What does AI and data mean for the project profession?
Big data, machine learning, data mining, data trusts and the Internet of Things (IoT) … a common list of concepts that would be potential subjects for most thought leadership pieces; but what do they actually mean for project professionals, organisations and the project profession at large?
The opportunities afforded to individuals and organisations employing AI, data and analytics are far reaching. They can include
- benchmarking in terms of data collection, data sharing and analysis;
- aiding project controls through activities such as data mining and through the creation of digital twins; and
- the implementation of Building Information Modelling Level 3 for example.
Benefits from this would include giving organisations better insights into their data, improving project ‘success’ and delivering more efficiency. The use of data will also create more realistic forecasts and push down the cost of project delivery; whilst aiding productivity improvements by ensuring that projects are right first time.
AI, data and analytics are already being used by project professionals in the form of software tools; and taking advantage of new technologies will help the project profession progress into a digital and virtual world. However, whilst AI, data and analytics offer a host of opportunities, there are significant challenges for organisations to overcome including: inconsistency around data formats and data quality, and trust in data quality, with even greater effort required to clean the data in order to be used.
Then there are issues around sharing and publishing data in terms of who owns the data along with: commercial sensitivities and Intellectual Property (IP); security and access control to the data; and handling personal data in terms of GDPR whilst ensuring this is anonymised. In addition, there is the need to raise awareness and understanding at executive level to encourage buy-in whilst ensuring that your organisation has the skills and competences to use data and AI effectively.
Despite the focus big data has, until recently the discussion has been led by and aimed at those already steeped in IT and digital culture. A search for articles relating to big data’s use in project management returns mostly results that discuss project management for IT projects. Many academic institutions promote their services for analysing data in order to lead organisational change. By doing this they also harness big data, but the exemplar projects are overwhelmingly in the digital realm with a few related to other sectors such finance and banking.
As we undergo a shift in technology globally, project professionals are the change makers who must embrace and understand its importance. The Association for Project Management (APM) have long recognised the importance of utilising data to aide project delivery. By bringing together a range of partnership organisations including fellow professional bodies, government departments, funding providers and thought leaders in the field we seek to explore how APM can support the project profession on its data journey.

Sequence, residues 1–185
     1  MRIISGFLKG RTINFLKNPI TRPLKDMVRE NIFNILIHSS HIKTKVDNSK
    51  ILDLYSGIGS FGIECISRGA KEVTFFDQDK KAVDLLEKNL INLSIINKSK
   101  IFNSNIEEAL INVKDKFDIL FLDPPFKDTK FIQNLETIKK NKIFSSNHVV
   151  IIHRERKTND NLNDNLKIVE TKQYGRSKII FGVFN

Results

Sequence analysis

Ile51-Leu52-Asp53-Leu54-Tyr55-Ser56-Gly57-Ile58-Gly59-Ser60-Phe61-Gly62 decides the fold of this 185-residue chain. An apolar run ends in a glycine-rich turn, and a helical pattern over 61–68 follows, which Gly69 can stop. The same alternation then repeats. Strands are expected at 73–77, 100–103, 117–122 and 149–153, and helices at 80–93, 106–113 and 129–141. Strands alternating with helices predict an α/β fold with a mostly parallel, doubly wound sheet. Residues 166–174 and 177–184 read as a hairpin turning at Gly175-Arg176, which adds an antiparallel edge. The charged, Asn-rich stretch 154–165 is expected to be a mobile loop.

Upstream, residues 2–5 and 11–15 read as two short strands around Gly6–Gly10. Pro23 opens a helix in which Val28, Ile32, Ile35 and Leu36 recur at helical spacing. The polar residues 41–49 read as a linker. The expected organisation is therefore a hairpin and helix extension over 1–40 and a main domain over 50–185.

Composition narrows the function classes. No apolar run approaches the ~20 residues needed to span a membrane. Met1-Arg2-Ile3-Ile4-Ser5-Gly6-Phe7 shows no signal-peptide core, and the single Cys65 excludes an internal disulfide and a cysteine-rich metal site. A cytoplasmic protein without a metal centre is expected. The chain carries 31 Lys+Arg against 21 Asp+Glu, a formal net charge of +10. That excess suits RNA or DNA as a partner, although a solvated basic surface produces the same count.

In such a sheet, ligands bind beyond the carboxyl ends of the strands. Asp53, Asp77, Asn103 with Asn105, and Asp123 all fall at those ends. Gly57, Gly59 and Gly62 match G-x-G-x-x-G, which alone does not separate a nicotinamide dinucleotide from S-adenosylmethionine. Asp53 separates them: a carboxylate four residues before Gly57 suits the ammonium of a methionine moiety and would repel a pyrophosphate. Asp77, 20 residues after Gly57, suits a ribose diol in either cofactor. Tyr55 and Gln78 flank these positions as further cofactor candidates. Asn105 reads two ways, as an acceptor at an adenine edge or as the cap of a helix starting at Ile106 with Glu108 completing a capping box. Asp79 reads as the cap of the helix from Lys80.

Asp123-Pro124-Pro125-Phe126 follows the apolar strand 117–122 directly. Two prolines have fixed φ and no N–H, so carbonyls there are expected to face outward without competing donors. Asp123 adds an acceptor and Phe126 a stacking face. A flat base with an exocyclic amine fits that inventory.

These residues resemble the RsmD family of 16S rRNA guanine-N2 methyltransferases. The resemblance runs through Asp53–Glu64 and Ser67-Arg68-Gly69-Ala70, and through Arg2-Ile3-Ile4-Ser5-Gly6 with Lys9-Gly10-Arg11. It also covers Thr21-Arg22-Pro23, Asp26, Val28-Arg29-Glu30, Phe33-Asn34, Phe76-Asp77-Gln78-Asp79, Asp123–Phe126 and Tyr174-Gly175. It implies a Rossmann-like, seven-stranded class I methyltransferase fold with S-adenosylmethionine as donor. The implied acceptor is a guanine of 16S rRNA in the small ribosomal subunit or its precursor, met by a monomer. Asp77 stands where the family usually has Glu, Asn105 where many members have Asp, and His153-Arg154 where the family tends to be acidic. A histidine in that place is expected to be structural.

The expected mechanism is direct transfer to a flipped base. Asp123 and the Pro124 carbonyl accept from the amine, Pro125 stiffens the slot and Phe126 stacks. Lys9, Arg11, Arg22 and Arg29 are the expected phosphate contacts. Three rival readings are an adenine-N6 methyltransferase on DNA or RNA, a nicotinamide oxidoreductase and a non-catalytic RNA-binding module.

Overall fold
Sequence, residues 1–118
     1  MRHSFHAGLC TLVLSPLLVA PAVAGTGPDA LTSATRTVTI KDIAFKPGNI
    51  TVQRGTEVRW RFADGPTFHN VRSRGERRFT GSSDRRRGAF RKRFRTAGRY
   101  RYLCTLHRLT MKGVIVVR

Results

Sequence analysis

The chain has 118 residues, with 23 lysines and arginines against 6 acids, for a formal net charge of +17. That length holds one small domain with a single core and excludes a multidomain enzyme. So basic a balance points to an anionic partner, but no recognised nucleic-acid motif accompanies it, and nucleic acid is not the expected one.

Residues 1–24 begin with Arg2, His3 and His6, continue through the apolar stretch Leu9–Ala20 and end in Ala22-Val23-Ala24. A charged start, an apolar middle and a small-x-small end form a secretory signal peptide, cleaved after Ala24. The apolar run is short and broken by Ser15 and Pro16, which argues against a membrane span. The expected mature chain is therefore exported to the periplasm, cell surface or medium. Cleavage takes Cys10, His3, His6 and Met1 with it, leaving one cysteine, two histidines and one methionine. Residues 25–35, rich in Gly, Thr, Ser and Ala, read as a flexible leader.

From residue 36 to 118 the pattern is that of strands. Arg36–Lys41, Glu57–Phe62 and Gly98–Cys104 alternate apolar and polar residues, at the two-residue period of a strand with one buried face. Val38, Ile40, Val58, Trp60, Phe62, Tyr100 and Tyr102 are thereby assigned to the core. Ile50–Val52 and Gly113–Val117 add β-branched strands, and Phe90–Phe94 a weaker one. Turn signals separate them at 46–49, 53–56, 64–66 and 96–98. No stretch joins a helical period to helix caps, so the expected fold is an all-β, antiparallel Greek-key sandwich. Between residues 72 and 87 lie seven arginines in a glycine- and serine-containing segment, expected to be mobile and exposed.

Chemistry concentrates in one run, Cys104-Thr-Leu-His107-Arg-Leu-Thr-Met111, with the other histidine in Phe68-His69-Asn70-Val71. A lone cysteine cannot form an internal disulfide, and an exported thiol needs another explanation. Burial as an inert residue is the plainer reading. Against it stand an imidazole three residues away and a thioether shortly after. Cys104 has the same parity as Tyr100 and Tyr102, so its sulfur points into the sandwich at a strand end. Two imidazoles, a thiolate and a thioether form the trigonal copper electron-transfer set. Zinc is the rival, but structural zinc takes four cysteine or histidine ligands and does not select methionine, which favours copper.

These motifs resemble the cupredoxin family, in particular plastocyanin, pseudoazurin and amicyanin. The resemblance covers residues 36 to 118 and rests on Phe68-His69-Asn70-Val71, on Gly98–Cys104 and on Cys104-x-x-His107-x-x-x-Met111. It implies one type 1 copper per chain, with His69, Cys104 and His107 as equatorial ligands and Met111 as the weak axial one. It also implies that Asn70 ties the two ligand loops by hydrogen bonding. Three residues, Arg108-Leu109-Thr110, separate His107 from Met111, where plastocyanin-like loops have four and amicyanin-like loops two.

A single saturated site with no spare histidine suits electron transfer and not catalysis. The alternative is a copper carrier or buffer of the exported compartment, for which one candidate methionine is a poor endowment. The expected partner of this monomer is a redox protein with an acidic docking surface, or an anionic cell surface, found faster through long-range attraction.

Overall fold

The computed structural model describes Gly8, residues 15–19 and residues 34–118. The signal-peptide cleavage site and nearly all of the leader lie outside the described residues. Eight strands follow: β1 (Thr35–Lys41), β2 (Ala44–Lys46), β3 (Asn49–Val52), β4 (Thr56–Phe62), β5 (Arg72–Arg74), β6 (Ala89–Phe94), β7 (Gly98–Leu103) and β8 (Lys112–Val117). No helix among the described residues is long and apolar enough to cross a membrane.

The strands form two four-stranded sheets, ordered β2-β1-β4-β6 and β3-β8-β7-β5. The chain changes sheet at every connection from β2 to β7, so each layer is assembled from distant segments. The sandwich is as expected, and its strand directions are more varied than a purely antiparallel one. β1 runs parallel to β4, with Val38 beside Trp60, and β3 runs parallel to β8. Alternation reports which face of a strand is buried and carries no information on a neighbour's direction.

There is a huge variation of knowledge and understanding within the subject area across individuals and organisations. We are currently at the start of this process exploring potential options; whatever initiatives we select we hope to raise awareness and understanding through research and talks, a sharing of expertise, helping to set standards and guidance; ultimately leading to better delivery of projects.
In 2017 APM undertook a collaborative study with Arup and UCL on the Future of Project Management (FoPM) and this has been built upon more recently by the Projecting the Future challenge paper The Fourth Industrial Revolution: Data, Automation and AI. And we want to continue to bring together academics, students and project practitioners at events such as the APM Midlands Research Symposium at Loughborough University on AI, data and analytics.
Last year we also awarded funding to three Research studies which seek to explore questions such as Can AI learn to be a professional project manager? (University of Manchester), How to leverage big data knowledge mitigation in complex project (University of Southampton) and Leveraging the value of lessons learnt through the power of intelligent agents (University of Sheffield).
AI, data and analytics is an extremely important area that all of us are affected by. We want to facilitate discussion and encourage professionals to share their knowledge to further the project profession. As we progress on this voyage of discovery, we will endeavour to involve our members, giving up to date information on how you might get involved in shaping this work. If you or your organisation are currently involved in the use of AI, data and analytics in terms of project delivery and are willing to share case studies around its impact we would love to hear from you. Please contact us via email@example.com.